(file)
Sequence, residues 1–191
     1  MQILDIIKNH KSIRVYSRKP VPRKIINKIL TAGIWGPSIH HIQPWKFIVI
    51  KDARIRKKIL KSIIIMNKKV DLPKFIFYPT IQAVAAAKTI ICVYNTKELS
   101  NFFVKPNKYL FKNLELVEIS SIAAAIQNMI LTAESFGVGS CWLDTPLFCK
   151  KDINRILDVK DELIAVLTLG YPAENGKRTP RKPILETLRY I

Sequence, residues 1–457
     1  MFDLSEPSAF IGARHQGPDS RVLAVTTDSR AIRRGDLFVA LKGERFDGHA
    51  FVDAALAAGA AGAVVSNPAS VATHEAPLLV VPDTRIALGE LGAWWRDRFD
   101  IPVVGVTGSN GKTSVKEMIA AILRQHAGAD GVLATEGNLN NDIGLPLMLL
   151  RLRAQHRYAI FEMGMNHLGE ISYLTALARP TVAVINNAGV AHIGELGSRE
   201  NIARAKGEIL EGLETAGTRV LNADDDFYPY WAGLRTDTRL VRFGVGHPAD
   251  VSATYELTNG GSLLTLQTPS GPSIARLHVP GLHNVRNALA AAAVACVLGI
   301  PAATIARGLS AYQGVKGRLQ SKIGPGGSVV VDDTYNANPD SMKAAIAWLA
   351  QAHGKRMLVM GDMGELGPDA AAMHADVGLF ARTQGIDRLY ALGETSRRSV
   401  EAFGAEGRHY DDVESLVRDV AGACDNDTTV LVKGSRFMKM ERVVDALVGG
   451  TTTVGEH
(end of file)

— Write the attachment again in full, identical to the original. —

Sequence, residues 1–191
     1  MQILDIIKNH KSIRVYSRKP VPRKIINKIL TAGIWGPSIH HIQPWKFIVI
    51  KDARIRKKIL KSIIIMNKKV DLPKFIFYPT IQAVAAAKTI ICVYNTKELS
   101  NFFVKPNKYL FKNLELVEIS SIAAAIQNMI LTAESFGVGS CWLDTPLFCK
   151  KDINRILDVK DELIAVLTLG YPAENGKRTP RKPILETLRY I

Sequence, residues 1–457
     1  MFDLSEPSAF IGARHQGPDS RVLAVTTDSR AIRRGDLFVA LKGERFDGHA
    51  FVDAALAAGA AGAVVSNPAS VATHEAPLLV VPDTRIALGE LGAWWRDRFD
   101  IPVVGVTGSN GKTSVKEMIA AILRQHAGAD GVLATEGNLN NDIGLPLMLL
   151  RLRAQHRYAI FEMGMNHLGE ISYLTALARP TVAVINNAGV AHIGELGSRE
   201  NIARAKGEIL EGLETAGTRV LNADDDFYPY WAGLRTDTRL VRFGVGHPAD
   251  VSATYELTNG GSLLTLQTPS GPSIARLHVP GLHNVRNALA AAAVACVLGI
   301  PAATIARGLS AYQGVKGRLQ SKIGPGGSVV VDDTYNANPD SMKAAIAWLA
   351  QAHGKRMLVM GDMGELGPDA AAMHADVGLF ARTQGIDRLY ALGETSRRSV
   401  EAFGAEGRHY DDVESLVRDV AGACDNDTTV LVKGSRFMKM ERVVDALVGG
   451  TTTVGEH